NeutronNucleusNone1.008665 amu
ProtonNucleus+11.007277 amu
ElectronShells around the nucleus-10.0005486 amu


Now we move on to a few definitions that are used in Nuclear physics. Nuclide - a combination of protons and netrons. Not all nuclides are possible but about 2500 unique combinations have been identified

atomic nomenclature for Nuclides

In this graphic, X is a generic chemical element symbol. A represents the sum of the protons plus the neutrons making up the nucleus. It is called the nucleon number or mass number. The lower number, Z is known as the atomic number and is the number of protons in the nucleus.


The number of protons determines what the element the atom is. However, it is possible for an element to exist in more than one form by having greater or fewer neutrons in the nucleus. The different forms of the same element are known as isotopes of an element. Most elements have a few stable isotopes and a few unstable isotopes. For example: Carbon exists in 15 isotopes with the most common forms being the stable C-12,C-13 and the unstable or radioactive C-14.

Probing Matter

There are many techniques for investigating the structure of materials. The basic concept is to direct a beam of particles at a sample and the structure can be determined by the pattern of diffraction. The physical properties of the particle beam such as charge, mass, determine what properties of the sample can be investigated.

X-ray diffraction

To probe the internal arrangement of the atoms in a matterial we can use electromagnetic radiation but the wavelength must be of the same order as the spacing between planes in the material. X-rays have a wavelength that is similar to the spacing in the crystal planes.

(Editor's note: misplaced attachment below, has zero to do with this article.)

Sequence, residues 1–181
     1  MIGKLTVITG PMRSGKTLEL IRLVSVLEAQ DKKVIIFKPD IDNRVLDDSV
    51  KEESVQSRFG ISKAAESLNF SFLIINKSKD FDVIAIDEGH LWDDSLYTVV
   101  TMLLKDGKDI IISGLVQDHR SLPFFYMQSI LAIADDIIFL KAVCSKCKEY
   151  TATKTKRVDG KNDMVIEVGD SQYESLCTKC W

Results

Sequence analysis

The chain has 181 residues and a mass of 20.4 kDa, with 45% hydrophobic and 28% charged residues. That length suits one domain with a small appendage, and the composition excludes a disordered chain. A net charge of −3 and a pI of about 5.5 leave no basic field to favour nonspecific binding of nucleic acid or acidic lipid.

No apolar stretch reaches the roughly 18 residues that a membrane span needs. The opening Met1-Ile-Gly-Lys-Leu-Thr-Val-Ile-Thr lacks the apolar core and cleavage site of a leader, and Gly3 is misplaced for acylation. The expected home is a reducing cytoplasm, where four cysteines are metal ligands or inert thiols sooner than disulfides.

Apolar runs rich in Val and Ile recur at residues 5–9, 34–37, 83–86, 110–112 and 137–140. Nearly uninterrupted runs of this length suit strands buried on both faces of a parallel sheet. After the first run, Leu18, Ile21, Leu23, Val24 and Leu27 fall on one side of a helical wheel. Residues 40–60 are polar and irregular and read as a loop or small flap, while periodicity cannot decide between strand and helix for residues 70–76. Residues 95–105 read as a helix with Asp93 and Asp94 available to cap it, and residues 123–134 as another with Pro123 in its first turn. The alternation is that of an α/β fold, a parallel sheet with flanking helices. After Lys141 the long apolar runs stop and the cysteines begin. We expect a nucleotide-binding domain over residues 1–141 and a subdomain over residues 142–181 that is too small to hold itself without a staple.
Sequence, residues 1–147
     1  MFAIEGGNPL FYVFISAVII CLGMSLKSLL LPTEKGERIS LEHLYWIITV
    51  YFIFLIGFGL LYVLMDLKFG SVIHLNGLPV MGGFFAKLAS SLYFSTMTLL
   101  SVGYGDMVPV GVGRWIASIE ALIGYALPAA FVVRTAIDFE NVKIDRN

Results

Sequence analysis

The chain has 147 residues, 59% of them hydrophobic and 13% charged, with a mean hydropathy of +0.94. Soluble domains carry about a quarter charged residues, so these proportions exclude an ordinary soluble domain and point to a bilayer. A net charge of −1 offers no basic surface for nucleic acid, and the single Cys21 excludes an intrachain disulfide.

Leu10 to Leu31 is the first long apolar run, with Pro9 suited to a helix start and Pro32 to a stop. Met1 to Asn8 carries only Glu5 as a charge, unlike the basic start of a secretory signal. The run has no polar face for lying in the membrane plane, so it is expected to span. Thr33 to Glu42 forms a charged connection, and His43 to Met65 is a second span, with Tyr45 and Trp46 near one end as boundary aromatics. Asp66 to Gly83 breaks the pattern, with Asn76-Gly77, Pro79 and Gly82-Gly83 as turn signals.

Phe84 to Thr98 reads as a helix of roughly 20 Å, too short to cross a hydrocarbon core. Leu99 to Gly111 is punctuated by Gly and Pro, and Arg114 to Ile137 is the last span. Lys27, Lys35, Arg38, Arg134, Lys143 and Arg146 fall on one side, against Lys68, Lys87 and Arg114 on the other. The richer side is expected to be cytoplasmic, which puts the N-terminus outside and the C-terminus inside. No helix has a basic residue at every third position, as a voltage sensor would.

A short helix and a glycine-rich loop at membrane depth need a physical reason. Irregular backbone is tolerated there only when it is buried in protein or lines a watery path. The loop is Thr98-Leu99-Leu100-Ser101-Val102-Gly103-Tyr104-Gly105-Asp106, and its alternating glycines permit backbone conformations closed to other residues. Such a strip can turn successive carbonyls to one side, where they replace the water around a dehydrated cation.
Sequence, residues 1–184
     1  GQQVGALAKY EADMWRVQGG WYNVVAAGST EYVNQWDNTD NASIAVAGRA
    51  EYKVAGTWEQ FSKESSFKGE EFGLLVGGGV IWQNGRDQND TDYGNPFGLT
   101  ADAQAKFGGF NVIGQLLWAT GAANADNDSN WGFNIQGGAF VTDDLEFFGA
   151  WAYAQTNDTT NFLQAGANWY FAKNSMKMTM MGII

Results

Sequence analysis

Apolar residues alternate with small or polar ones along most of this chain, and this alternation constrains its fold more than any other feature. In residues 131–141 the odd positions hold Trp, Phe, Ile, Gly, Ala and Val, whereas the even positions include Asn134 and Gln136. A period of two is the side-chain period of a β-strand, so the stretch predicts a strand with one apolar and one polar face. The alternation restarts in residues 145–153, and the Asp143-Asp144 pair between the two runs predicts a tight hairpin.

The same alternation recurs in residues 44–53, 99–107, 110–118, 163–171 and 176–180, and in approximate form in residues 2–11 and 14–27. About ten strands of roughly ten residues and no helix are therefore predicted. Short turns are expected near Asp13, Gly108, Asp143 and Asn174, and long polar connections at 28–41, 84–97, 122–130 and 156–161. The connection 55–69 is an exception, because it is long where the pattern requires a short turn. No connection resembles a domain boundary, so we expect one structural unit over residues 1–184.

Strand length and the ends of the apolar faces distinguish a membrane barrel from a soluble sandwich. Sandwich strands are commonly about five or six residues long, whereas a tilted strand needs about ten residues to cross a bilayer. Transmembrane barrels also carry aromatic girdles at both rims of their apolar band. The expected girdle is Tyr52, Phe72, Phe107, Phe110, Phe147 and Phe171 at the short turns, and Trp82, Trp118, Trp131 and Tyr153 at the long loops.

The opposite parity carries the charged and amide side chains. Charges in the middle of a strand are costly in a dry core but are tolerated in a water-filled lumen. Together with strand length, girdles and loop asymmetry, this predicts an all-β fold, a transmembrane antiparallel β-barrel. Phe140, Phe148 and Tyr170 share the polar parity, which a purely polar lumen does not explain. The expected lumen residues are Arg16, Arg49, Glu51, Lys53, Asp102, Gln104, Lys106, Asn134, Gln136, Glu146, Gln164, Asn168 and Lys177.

To determine the structure of a crystal, a single crystal or powdered material is placed as a target for a columated beam of X-rays. The X-rays penetrate the crystal and some of the energy is reflected back from the different planes. The spacing of the atoms causes the X-rays to diffract. In some regions the X-rays will interfere constuctively and the combined amplitude will be must greater. In other regions, the X-rays will interfere in a destructive way and the sum of their amplitudes will be zero. Using a suitable means such as a photographic film the strength of the diffracted and reflected X-rays will shown and it is possible to calculate the structure of the material.

For amorphous substances, the arrangement of the atoms does not possess a long range order of symmetry, the X-ray diffraction pattern will be diffuse.

In crystals, the ordered position of individual atoms in a molecule will lead to a rather mysterious pattern of dark spots from which the structure can be calculated.

Quasi-crystals - materials which show some symmetry over relatively short distances, X-ray diffraction shows patterns of spots with impossible rotational orders of symmetry such as 5, 7, 13, etc.

Neutron Scattering

A similar technique is that of Neutron Scattering. Neutrons carry no charge but they also have a wavelength. It might seem strange that a particle can also have a wavelength. However, this is one of the percularities of the quantum world. This idea was postulated by Prince Louis De-Broglie. Light which was thought to behave like a wave can act like a particle, maybe particles can act like waves sometimes and this is indeed the case. When the size of the particle is small then wave effects begin to become apparent. By small in this case we mean nanometer scale.

The wavelength λ of a particle is given by: λ= h/p where h is Planck's constant ~ 6.6x10-33 and p is the momentum of the particle.

Electron Beam Diffraction

Calculating nuclear diameter electron scattering

The nuclear diameter d can be calculated from the electron scattering data.

Electron beam energy = 100 MeV = 100 106=1.6x10-19 J = 1.6 x 10-11 J

Momentum p = E/c = 1.6 x 10-11/3.0 x108 = 5.3 x 10-20 kg m s-1

De Broglie relationship λ = h/p = 6.6 x 10-34/5.3 x 10-20 = 1.2 x 10-14 m

The first diffraction minimum occurs at about 22°, so using the single slit diffraction equation sinθ = λ/d we have d = λ/sin θ = 1.2 x 10-14 m /sin (22°) = 3.3 x 10-14 m

Electron beams can provide information about the surface of matterials. RHEED - Reflection High-Energy Electron Diffraction is a common tool to study the surface of growing semiconductor crystals. A high-energy electron beam is directed toward the semiconductors material. The electrons cannot penetrate the surface of the sample because of the electromagnetic force. The electrons are diffracted and form a pattern of bright and dark spots on a phorescent screen. This information can tell you about the surface quality of the material.